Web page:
CDG Terminal 1 has not undergone any major renovation since it was opened in 1974 when Paris Charles de Gaulle airport was inaugurated. Confronted with ageing installations and facing difficulties due to obsolete systems, Aéroports de Paris launched a vast renovation programme in 2002 (€250M) with three main objectives: to re-establish satisfactory conditions for handling passengers and baggage; to provide passengers with better facilities; and to simplify and ease passenger circuits. Undertaken in 4 successive geographic phases after complicated preparatory work, the first two phases have now been completed.

CDGVal train

This people mover is built by Siemens Transportation System and the final tests are under way. A quiet-running system, with tyred wheels on metallic track, it will improve the reliability and quality of service while avoiding more than one million kilometers of bus rides per year for the transfer of passengers and travel of employees.

\With its 5 stations and one workshop garage, it will link up terminals 1, 2 and 3 and the airport’s main car parks, and have an initial capacity of 2,000 passengers per hour; expansion will be possible up to 4,100 passengers per hour.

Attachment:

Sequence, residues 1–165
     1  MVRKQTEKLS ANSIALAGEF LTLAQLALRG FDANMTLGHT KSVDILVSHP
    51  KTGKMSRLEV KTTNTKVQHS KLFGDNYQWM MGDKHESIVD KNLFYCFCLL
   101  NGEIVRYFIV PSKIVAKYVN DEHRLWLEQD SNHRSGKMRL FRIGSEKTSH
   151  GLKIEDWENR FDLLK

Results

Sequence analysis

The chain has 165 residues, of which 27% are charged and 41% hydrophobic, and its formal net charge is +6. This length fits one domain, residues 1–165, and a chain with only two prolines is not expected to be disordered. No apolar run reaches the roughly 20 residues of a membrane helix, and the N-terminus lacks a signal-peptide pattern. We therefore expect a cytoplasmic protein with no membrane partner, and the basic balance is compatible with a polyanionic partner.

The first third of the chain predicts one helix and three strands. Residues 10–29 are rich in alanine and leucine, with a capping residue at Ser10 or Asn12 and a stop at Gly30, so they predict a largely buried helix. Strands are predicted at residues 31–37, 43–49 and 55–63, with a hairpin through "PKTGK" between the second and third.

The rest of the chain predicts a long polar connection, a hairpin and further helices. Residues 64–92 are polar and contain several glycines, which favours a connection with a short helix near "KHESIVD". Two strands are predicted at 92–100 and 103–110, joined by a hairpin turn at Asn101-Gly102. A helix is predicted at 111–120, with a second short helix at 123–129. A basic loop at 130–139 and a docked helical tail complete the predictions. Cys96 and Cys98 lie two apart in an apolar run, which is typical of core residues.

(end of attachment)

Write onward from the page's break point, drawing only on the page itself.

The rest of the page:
Each of these 7 train sets can transport 120 passengers every 4 minutes, covering a distance of 3.5 km in less than 8 minutes, including 3 stop stations.

Baggage Sorting System, East (TBE)

TBE is the forthcoming integrated baggage sorting system for the Paris-Charles de Gaulle hub, designed as a one-stop facility accommodating all transit requirements for baggage at CDG Terminals 2E and 2F. It will make a key contribution to hub performance by improving the quality and efficiency of baggage processing. A new module under satellite S3 will be added at a later stage.

  • Scope: module E & F with connection to existing terminal C via module M. Eventual extension to Satellite S3.
  • Dimensions: 78 registration benches, 9 put-down stations, 4 sorters, 32 sorting outlets (jetty plus carrousel), 11 incoming baggage carrousels, 14 integrated PEDS and 4 integrated EDS.
  • Start-up capacity 8,600 items per hour.

All of these new projects will not stop in 2008. New extensions are already on the drawing board, such as the one for Satellite 4 or Terminal 4, with its first phase to be commissioned in 2012 and 2016. Now and with every day that passes we are building the airport of the future.